Each of us an “Emmanuel” too!

The Lord Is My Chef Simbang Gabi Recipe by Fr. Nicanor F. Lalog II
Saturday, Day 3, 18 December 2021
Jeremiah 23:5-8   ><}}}*> + <*{{{><   Matthew 1:18-25
Photo by author, Baguio Cathedral, January 2018.

We have just concluded the “Year of St. Joseph” last December 8 but it seems due to the pandemic, we have not celebrated truly enough to realize the virtues and person of the most silent character in the New Testament, St. Joseph.

We find no story in the gospels with St. Joseph either speaking or conversing with anyone at all. At least the Blessed Virgin Mary conversed with the angel during the Annunciation and spoke to Jesus her Son upon finding him at the Temple and at the wedding feast at Cana. St. Joseph was totally silent and most of all, could sleep soundly despite the tremendous stress he must have gone through! Truly a man of great faith and trust in God!

This is how the birth of Jesus Christ came about. When his mother Mary was betrothed to Joseph, but before they lived together, she was found with child through the Holy Spirit. Joseph her husband, since he was a righteous man, yet unwilling to expose her to shame, decided to divorce her quietly. Such was his intention when, behold, the angel of the Lord appeared to him in a dream and said, “Joseph, son of David, do not be afraid to take Mary your wife into your home. For it is through the Holy Spirit that this child has been conceived in her.”

Matthew 1:18-20
Photo from vaticannews.va, December 2020.

Notice how Matthew presented the climax of his genealogy not only with the coming of Jesus Christ at the end but also in his lineage to St. Joseph he described as “a righteous man” and addressed by the angel in a dream as “son of David”.

In him we find that expression “silent water runs deep” so very true. Imagine the maturity and deep spirituality of St. Joseph being called as a righteous man or a holy man which for the Jews is one who obeys the Laws of Israel.

But in this scene of the Annunciation of Christ’s birth to him in a dream, Matthew goes deeper into what is to be holy as more than obeying the the Laws but most of all, abiding by the will of God always as described in many instances in the Old Testament like the Book of Psalms. If holiness were simply an adherence to the Laws, St. Joseph would have not decided to silently leave Mary found pregnant with a child not his; in their laws, she would have been shamed in public which St. Joseph avoided in trying to leave her silently. For him, higher than the letters of the law was the welfare and well-being of Mary and her Child that until then he did not know was the Christ.

At the same time, here we find the deep spirituality of St. Joseph: compared with Mary to whom the angel appeared and spoke in person while with St. Joseph, the angel appeared only in a dream. He had a more difficult situation discerning whether his dream was real or not, which we all experience upon waking up from a dream so real!

Only a man with deep spirituality, so attuned with God like St. Joseph could perceive the divine in fact while at the same time discern it as very true the will of God that “When Joseph awoke, he did as the angel of the Lord had commanded him and took his wife into his home. He had no relations with her until she bore a son, and he named him Jesus” (Mt.1:24-25).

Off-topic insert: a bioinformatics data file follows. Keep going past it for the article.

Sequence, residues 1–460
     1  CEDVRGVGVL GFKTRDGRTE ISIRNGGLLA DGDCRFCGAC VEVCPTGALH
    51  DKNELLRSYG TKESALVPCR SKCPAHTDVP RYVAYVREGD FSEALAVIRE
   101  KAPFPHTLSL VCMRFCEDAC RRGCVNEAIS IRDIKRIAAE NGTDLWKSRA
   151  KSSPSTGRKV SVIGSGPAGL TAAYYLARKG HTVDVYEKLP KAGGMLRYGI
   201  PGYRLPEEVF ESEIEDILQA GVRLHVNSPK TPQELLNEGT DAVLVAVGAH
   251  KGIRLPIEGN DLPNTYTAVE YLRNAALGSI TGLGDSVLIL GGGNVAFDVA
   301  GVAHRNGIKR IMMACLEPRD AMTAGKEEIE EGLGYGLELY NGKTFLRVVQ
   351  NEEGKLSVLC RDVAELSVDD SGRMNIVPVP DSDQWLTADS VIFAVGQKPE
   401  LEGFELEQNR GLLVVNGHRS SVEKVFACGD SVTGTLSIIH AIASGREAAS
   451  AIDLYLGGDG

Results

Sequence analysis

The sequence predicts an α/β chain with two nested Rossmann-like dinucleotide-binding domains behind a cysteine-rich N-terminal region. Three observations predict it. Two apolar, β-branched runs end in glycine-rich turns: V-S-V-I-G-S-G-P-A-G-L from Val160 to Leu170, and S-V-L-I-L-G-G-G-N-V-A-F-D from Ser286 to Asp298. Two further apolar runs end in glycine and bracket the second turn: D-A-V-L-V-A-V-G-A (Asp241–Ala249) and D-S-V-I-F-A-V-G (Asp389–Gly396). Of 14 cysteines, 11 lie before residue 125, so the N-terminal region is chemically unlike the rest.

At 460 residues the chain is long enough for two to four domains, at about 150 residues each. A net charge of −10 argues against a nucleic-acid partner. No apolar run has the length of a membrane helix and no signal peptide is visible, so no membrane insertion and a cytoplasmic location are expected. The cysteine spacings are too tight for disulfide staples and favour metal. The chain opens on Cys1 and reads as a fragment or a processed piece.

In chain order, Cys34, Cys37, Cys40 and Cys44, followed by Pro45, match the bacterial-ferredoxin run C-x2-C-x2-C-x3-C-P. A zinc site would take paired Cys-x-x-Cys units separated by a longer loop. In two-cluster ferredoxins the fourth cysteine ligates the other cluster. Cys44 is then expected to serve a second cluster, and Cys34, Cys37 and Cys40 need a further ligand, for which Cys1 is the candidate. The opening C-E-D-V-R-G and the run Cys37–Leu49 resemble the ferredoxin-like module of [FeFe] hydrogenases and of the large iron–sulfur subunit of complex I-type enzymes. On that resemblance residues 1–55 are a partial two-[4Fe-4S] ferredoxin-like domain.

Photo by Arch. Philip Santiago, mosaic of the Annunciation to Joseph at the Shrine of St. Padre Pio in San Giovanni di Rotondo, Italy, 2017.

In a very concise manner – like our very silent saint and foster father of Jesus – Matthew presents to us in this short story of the Annunciation of the Birth of Jesus to St. Joseph all the critical and essential elements about the mystery of the Incarnation.

As we have reflected yesterday at the genealogy, Matthew now goes deeper into the humanity and divinity of Jesus Christ as the fulfillment of the Old Testament promises of God. This he beautifully presented also through the person of St. Joseph, a reminder of the need for us to be vessels of God’s graces and instruments of God’s works.

St. Joseph showed in this brief scene the true meaning of holiness, of being whole by seeking to find ways to bring into unity their laws and love and persons, something which Jesus Christ would keep on elaborating in his entire ministry, like his favorite expression “Sabbath was created for man, not man for sabbath.”

See how he tried to give more importance to Mary whom he loved so much that he was intent in not putting her to shame and harm. And upon listening and discerning the angel’s message to him in a dream, he obeyed everything, showing us the unity of the laws in love long before Jesus came to show it on the Cross himself. In accepting God and Jesus, St. Joseph had to take Mary; and in taking Mary, Jesus came into the world.

Here we are challenged by the example of St. Joseph that we too become an Emmanuel in the sense that in our lives, we become the sign that God-is-with-us specially in this time of the pandemic and with coming elections next year. We need to pray more deeply and be attuned with God for his divine will that always takes unexpected turns, so different from our own ways and methods.

Photo by author, 15 December 2021.

To be an Emmanuel like Jesus and St. Joseph, one has to be definitely pro-life, one who values life and every person, regardless of his/her status in life.

Like St. Joseph, let us learn to be silent for God and be louder with our actions, always choosing and standing for life and for every person’s dignity.

Like St. Joseph, he chose from the very start the value of Mary as a person which is the hallmark of Jesus as Emmanuel, the God who became human to be with us because it is good to be human. Amen.

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